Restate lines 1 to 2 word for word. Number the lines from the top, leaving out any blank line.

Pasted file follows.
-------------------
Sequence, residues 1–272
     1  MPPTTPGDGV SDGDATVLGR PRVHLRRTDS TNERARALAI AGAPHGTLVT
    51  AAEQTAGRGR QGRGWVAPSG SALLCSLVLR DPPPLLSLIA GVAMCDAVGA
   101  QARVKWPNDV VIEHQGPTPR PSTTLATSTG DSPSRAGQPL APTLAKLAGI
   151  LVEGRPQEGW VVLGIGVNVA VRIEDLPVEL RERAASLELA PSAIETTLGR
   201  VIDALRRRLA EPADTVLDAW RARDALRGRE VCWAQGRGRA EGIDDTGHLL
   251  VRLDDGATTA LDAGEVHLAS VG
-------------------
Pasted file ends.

Sequence, residues 1–272
     1  MPPTTPGDGV SDGDATVLGR PRVHLRRTDS TNERARALAI AGAPHGTLVT